Systems are part of what helps us in planning and trying to keep an even keel in the garden. Or at least minimise the damage when we get busy with other things.

Edges to the vegie beds- grass barrier formed by double rows of bricks and mulch is very easy to mow or whipper snipper up to.
Double Brick edges
and planted with oregano/ marjoram in some places as an experiement to act as a green barrier.
Double Brick edges with Oregano

Processing greenwaste & kitchen waste
Rabbits get selected greenwaste including twiggy prunings and things like couch grass and dandelion roots because they transform them into manure without the danger of spreading weeds further.
Chickens get the kitchen scraps and bulk greenwaste especially that with seeds or flowers about to seed. They eat some, kick around the other bits and mix it all with chicken manure and straw. Perfect compost making ingredients.
Silverbeet, what silverbeet?
Worm farms get some kitchen scraps – things like bulk apple cores and skins from bottling, or overgrown zucchinis that the chickens will just kick around. Rabbit manure is also a favourite ingredient to the worm farm mix.

Worms at work
- Compost area with multiple bins. We are now up to 7 I think. 4 regular ones, and 3 tumblers. The favourite tumbler is the one in this photo below.
Compost corner
Seed raising
- heat mat in laundry – don’t use this as much as I used to, since Chris started Hobart Kitchen Gardens and sells wonderfully healthy and interesting seedlings at the FarmGate Market.
- greenhouse for young plants and tomato race contenders. This greenhouse is tucked in under the back stairs and enclosed with laserlite. When we had the stairs built, this space underneath was perfect for a short person!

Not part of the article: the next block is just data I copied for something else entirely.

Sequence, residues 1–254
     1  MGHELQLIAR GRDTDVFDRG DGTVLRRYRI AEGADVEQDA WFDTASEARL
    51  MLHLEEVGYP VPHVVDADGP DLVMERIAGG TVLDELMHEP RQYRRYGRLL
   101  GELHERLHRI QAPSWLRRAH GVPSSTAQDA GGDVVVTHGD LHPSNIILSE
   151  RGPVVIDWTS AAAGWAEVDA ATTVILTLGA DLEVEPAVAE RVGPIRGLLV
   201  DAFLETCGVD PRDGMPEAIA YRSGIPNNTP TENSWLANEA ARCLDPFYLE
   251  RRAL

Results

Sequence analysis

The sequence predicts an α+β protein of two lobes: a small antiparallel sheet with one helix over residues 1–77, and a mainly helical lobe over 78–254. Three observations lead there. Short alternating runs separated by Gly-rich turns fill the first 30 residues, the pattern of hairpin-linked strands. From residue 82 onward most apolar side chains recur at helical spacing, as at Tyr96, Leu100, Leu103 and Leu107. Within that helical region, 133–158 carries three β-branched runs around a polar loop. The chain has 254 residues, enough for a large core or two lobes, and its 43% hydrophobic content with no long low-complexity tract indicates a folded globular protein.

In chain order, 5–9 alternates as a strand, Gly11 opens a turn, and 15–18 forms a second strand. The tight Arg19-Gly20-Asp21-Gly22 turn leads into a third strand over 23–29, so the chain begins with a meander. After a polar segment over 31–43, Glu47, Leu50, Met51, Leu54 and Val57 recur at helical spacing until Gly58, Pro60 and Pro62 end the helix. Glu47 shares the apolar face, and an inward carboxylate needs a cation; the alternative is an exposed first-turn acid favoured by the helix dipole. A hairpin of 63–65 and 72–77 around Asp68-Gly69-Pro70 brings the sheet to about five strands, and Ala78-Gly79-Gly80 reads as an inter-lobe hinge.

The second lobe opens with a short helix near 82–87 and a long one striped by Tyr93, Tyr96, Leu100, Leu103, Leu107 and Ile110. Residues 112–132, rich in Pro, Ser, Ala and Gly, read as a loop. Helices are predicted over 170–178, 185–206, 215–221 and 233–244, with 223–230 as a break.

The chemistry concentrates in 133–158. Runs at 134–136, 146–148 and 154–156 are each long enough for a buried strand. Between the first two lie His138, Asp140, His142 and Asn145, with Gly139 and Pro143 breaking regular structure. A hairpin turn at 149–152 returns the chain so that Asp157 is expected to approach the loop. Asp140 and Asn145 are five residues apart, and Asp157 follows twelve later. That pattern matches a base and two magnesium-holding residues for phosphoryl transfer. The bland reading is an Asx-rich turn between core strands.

A few too many tomatos
- soil blockers for seed planting.
Planting 2 October

It’s all about maximising the return of investment of time and energy. For example, the compost is just outside the chook shed. The wheelbarrow can fit in the chook shed door, and the chooks kick and scratch the greenwaste and straw downhill. We can go to the greenhouse easily off the deck – so we can pick herbs in our socks if needed. When the aquaponics are up and running the growbed will be in the greenhouse, making this even better.

Which of these ones is not like the other one?

We have three pear trees of varying ages in the backyard. Something has obviously confused the Winter Cole. It didn’t have a single flower this year. Pears can be rather biennial in their fruit bearing, but this is dramatic. Compare and contrast:

Which of these pear treees is not like the other one?


20th Century Nashi, Winter Cole, Williams

Much of the blossom of the nashi is actually hiding under the leaves. The Williams had a rest year for the 2012 harvest, only about 10 kilos of fruit which was good as we were still eating the bottled fruit from a bumper harvest in 2011 up until a month ago. That tree must be about 10-12 years old.

The Winter Cole is in the sunnier spot of the three, and was planted in the same year as the Nashi about 3 years ago. For a while I wondered if it might be the close proximity of the rabbit cage (and their droppings), but the Nashi has had them alongside for much longer. There has been quite a bit of green growth on the Winter Cole to make up for the lack of blossom.

Ideas anyone?